The road will be widened from two lanes to five between Presidential Drive and Western Reserve Road.
By BOB JACKSON
VINDICATOR COURTHOUSE REPORTER
BOARDMAN -- The long-awaited widening of South Avenue here is scheduled to begin next month.
"Everything is in place and the project is ready to go," said Mahoning County Engineer Richard Marsico.
A.P. O'Horo Company of Belmont Avenue has been hired as the general contractor with a low bid of $4.5 million. There were seven bids submitted, ranging as high as $5.3 million.
The bid was slightly higher than the estimated cost of $4.3 million, but was within the acceptable range so a contract could be awarded, Marsico said.
The work: The project will widen nearly two miles of South Avenue, between Presidential Drive and Western Reserve Road, from two lanes to five. The expansion is needed to accommodate increased traffic demands in the area, Marsico said.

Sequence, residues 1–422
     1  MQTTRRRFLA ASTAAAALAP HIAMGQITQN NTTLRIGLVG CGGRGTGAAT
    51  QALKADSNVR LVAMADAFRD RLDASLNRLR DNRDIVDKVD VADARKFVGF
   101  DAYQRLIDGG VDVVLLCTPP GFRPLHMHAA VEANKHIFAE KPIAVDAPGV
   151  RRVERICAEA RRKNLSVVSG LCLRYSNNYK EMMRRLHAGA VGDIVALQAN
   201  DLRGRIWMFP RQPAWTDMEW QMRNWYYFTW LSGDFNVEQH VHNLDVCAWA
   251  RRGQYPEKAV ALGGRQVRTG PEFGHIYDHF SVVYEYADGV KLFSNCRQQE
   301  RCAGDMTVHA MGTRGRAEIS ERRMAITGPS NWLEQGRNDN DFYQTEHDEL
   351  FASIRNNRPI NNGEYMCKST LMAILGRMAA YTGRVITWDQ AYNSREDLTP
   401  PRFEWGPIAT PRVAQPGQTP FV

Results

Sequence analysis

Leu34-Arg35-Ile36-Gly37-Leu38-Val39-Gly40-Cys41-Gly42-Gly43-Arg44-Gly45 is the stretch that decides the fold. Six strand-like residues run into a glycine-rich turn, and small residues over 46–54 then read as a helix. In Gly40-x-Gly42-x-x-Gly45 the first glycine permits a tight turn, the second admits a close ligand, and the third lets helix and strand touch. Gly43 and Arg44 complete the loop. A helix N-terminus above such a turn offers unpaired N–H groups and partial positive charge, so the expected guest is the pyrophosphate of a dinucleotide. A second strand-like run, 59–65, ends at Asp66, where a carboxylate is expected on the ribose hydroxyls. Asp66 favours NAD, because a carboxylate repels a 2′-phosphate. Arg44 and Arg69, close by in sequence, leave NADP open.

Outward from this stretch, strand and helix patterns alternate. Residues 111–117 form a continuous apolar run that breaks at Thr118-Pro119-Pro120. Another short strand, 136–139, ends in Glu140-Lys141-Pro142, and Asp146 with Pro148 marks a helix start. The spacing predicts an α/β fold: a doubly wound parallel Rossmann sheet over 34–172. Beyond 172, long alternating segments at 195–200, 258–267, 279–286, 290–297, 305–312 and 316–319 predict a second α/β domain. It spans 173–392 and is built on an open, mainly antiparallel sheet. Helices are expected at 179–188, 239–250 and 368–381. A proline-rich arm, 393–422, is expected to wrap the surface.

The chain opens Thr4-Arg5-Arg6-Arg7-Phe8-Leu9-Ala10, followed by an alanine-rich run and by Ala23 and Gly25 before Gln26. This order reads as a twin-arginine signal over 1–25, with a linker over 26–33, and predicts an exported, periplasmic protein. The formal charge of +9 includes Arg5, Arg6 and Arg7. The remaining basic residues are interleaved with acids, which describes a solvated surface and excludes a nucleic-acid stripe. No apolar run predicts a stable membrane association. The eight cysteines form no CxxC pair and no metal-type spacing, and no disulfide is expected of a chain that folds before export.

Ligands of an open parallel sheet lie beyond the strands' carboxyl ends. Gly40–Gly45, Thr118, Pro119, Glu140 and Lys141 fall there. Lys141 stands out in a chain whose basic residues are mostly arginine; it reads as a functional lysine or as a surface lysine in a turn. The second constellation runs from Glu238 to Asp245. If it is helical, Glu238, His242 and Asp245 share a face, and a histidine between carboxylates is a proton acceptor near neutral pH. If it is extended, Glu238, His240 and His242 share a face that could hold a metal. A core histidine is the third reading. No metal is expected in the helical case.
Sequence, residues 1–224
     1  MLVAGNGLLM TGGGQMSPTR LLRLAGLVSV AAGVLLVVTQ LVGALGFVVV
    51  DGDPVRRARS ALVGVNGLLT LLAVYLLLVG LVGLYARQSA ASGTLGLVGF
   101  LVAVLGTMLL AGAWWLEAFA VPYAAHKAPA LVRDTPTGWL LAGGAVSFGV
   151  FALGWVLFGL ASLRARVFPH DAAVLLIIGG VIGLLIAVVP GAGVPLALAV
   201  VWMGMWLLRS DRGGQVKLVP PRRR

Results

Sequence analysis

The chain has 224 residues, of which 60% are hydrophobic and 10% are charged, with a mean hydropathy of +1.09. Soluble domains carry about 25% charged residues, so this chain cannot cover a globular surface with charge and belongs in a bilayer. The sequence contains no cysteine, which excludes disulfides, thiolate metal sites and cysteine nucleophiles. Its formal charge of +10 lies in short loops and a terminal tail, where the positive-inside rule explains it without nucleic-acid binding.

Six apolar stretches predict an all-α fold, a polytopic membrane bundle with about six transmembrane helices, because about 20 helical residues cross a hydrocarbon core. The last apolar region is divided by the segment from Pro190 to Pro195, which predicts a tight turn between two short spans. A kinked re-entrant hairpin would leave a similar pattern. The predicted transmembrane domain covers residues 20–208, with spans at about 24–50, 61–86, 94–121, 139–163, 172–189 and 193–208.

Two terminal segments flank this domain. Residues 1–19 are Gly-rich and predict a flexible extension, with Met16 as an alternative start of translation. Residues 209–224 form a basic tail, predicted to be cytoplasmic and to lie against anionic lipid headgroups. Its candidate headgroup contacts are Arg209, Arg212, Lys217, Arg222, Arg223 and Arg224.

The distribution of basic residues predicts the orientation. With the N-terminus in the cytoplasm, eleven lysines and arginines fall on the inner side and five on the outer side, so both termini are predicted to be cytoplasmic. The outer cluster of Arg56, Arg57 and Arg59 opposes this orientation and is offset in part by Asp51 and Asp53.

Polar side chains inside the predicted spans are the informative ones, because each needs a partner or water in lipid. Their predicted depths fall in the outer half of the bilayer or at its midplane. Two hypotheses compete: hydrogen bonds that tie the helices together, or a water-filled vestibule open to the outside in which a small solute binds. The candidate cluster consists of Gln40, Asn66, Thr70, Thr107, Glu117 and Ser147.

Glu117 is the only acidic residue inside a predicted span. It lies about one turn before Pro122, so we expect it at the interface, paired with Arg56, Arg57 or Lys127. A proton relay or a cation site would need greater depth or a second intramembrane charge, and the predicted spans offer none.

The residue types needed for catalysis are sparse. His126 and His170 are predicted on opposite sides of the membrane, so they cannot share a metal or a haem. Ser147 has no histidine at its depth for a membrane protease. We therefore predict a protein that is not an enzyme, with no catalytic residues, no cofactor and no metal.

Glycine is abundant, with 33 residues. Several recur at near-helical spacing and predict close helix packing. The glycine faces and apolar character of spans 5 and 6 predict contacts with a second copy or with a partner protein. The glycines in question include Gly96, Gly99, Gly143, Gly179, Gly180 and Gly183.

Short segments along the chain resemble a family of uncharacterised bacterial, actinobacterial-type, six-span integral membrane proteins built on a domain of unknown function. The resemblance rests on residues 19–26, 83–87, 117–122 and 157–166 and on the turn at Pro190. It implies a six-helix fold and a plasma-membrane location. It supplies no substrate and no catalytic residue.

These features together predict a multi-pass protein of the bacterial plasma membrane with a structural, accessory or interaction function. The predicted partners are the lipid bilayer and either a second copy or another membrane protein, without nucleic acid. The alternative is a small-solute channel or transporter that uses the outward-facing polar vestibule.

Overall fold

Work will include resurfacing, storm sewer installation, pavement markings and signs.
There will also be a traffic light installed at South Avenue and Western Reserve Road, which should help ease congestion there, said Marilyn Kenner, chief deputy engineer.
The project is being funded by the Ohio Engineer's Fund, Federal Highway Administration and the county engineer's office.
Marsico said his staff will meet with the contractors for a preconstruction conference later this month, with construction to begin shortly afterward.
The company has already set up a construction yard along South Avenue where its equipment sits ready to start moving dirt. The project is scheduled to be completed by July 31, 2003, but Marsico said he's hoping it can be fast-tracked and finished well before then.
Marsico said utility companies have already started moving poles and natural gas lines back from the road to make way for the widening.
Delay: The project was supposed to have started two years ago, with the road to be widened to four lanes instead of five. The public and local officials asked for addition of the fifth lane, which will be a turning lane, and that caused much of the delay.
The county had to buy more land along both sides of the road to make room for the widening. The additional land would not have been necessary for a four-lane project.